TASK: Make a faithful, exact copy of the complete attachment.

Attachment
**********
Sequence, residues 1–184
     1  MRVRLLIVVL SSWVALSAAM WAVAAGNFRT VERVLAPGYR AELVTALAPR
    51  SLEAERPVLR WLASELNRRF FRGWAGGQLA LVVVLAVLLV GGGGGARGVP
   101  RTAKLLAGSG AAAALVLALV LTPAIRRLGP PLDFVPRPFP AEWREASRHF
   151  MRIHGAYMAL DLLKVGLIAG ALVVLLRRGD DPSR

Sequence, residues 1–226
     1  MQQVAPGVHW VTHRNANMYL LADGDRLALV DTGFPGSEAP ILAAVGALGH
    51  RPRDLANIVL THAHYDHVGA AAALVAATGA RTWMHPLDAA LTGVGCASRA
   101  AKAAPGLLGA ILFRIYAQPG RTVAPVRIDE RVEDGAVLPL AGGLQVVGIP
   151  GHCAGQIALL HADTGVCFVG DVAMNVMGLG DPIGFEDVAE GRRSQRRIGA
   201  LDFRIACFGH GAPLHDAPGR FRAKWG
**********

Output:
Sequence, residues 1–184
     1  MRVRLLIVVL SSWVALSAAM WAVAAGNFRT VERVLAPGYR AELVTALAPR
    51  SLEAERPVLR WLASELNRRF FRGWAGGQLA LVVVLAVLLV GGGGGARGVP
   101  RTAKLLAGSG AAAALVLALV LTPAIRRLGP PLDFVPRPFP AEWREASRHF
   151  MRIHGAYMAL DLLKVGLIAG ALVVLLRRGD DPSR

Sequence, residues 1–226
     1  MQQVAPGVHW VTHRNANMYL LADGDRLALV DTGFPGSEAP ILAAVGALGH
    51  RPRDLANIVL THAHYDHVGA AAALVAATGA RTWMHPLDAA LTGVGCASRA
   101  AKAAPGLLGA ILFRIYAQPG RTVAPVRIDE RVEDGAVLPL AGGLQVVGIP
   151  GHCAGQIALL HADTGVCFVG DVAMNVMGLG DPIGFEDVAE GRRSQRRIGA
   201  LDFRIACFGH GAPLHDAPGR FRAKWG